When Josephine Bottitta co-founded Project Enroll Now in 2004 she wanted to dispel the negativity in the Malverne school district, particularly among those residents who thought the public schools were insufficient and gave them no choice but to send their children to private ones.
“We saw a real disconnect to what was truly happening in the schools and what was being communicated to people who weren’t using them,” she told Patch. “We were trying to help communicate to Malverne particularly, but not only Malverne, the bright side of the schools … it was allowing a choice for people who thought they didn’t have one because of what they heard.”
Now, eight years later, Bottitta, the parent of two Malverne students, once again has a vision for how the school district can improve, but to accomplish these goals, she’s vying for one of two seats available on the Board of Education.
Bottitta, or “Joey” as she is called by most, is running in the May 15 election against Malverne business teacher and NYC teacher Joann Krudis, both parents like herself, for the seat that opened up earlier this month when
For Bottitta, who moved to Malverne in 1991 and has been very involved in the district and community as a parent, Little League coach, class mom, and member of the PTA and Superintendent’s Advisory Council, the decision to run for the board now was “a timing issue.”
Her children are older and more independent now - her son is in sixth grade, her daughter in second - and after making a career shift, her job is more stable, allowing her to work a four-day schedule.
“I’m ready in the sense that I have more time ... and my children are okay with me not being around as much,” she says. Plus, over the years, she’s cultivated much experience. “I’ve heard from teachers, staff, administrators and parents,” she says. “I have a good understanding of the issues.”
If elected, Bottitta wants to “encourage unity amongst the communities,” and see more residents, including those with children in the private schools and those who do not have children, get involved, attend board meetings and express their opinions. This ties into her second goal, “helping to promote a board that operates as a team in a professional and respectful manner.”
She’s seen the board function very differently as the seats have changed hands over the past eight years, but says, “I’d like to see more unity ... and a more diverse representation. If I’m elected, I’m firmly committed to being a team player amongst the board members and the public. Showing professionalism and respect, and trying to accentuate the positive is very important to our district, our community, and our property values.”
She'd also like to promote a better environment for teachers in the schools, one that's "constructive and supportive to all employees" and fosters teamwork, but still holds them to the "standards of accountablity."
Her biggest goal though is to balance the mission of “providing a quality education with the taxpayers’ burden and property values," saying, “We need to provide the best at the lowest cost.”
She says her experience working in the health care industry, which faces similar challenges, would be an asset to the board, especially when trying to strike this balance come budget time.
Bottitta’s career has taken her from social work to law, to most recently, running the Human Resources Department of a 561-bed nursing home in Manhattan with 1,000 union employees.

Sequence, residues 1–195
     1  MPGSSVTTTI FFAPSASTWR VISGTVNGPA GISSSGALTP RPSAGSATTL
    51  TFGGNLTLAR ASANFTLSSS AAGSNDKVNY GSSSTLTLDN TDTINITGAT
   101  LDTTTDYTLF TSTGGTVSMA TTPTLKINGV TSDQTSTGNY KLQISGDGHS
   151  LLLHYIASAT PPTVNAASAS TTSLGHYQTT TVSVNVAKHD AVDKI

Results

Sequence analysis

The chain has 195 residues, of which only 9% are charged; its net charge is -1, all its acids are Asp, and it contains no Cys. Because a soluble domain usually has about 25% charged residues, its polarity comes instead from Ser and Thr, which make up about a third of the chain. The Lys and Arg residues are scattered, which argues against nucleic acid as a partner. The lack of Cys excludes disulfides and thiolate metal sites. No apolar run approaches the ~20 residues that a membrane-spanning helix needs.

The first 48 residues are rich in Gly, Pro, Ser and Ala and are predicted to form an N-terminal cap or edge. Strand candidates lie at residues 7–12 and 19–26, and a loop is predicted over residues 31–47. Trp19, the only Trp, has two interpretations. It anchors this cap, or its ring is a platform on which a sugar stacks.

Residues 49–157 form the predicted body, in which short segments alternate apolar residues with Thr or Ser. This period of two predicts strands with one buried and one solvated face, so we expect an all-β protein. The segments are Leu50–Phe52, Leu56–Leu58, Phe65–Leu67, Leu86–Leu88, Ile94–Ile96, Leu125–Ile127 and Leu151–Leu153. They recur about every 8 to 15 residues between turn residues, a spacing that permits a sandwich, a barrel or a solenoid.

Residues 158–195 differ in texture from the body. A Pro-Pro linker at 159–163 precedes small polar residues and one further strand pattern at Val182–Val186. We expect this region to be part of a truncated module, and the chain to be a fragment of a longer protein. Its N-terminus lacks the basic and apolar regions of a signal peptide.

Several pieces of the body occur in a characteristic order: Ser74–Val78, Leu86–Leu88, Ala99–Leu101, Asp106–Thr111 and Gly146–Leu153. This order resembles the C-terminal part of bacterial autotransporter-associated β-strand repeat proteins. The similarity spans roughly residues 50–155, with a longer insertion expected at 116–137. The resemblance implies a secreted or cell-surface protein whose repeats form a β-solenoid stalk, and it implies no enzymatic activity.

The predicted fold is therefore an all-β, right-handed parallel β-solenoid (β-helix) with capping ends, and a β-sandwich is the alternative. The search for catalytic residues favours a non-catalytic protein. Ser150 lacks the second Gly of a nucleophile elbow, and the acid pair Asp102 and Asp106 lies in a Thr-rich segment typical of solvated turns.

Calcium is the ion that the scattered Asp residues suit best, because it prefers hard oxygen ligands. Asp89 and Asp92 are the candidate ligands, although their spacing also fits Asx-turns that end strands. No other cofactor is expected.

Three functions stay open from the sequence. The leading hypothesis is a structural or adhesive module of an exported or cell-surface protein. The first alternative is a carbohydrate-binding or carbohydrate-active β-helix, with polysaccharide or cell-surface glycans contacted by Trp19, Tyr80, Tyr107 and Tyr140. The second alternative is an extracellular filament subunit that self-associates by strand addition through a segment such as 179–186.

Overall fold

Like what’s happening with the school system now, Bottitta had to contend with reductions in state aid, unfunded mandates and rising salary, benefits and pension costs, while trying to “maintain the quality of care with less resources.”
Today, she works as an outside consultant for more than 150 nursing homes, hospitals, assisted living communities and home-care providers, dealing with struggles related to budgets, finances, insurance policies, risk management and more.
As for the 2012-2013 Malverne school budget, Bottitta said she does support it. “My impression coming to board meetings and speaking to people was that there was a collective effort by the board, administration and teachers … and they started early.”
She says she hates to see any cuts, but realizes “we are in an environment where unfortunately, we ‘re not going to be able to provide it all.” That said, she does “believe that many people have moved to Long Island and will bear the cost in their taxes because they have higher expectations for what the schools can provide and want to provide.”
Her main concern when looking at the fiscal challenges the district faces is keeping teacher-to-student ratios low. “It’s not to say that only academics matter, because there are children who succeed because of sports, arts, theater or music,” she says. “I don’t know that any one is more important than the other, but to try to strike a balance so we can provide as much as possible would be ideal, because that helps to make a child a full person. It can’t be only academics.”
Bottitta says, “Everyone I’ve spoken to collectively wants to raise the bar but we have less funding and increased costs.” Her answer is to apply more out-of-the-box thinking, including fundraising, utilizing volunteer resources and applying for grants.
“It’s going to require fiscal prudence and if I’m lucky enough to get elected, I’ll be very diligent about that and work hard,” she adds. “No rock will go unturned.”
The Malverne school board and budget vote will take place on May 15 at Polls will be open from 7 a.m. to 9 p.m. For more candidate profiles and related news, click here.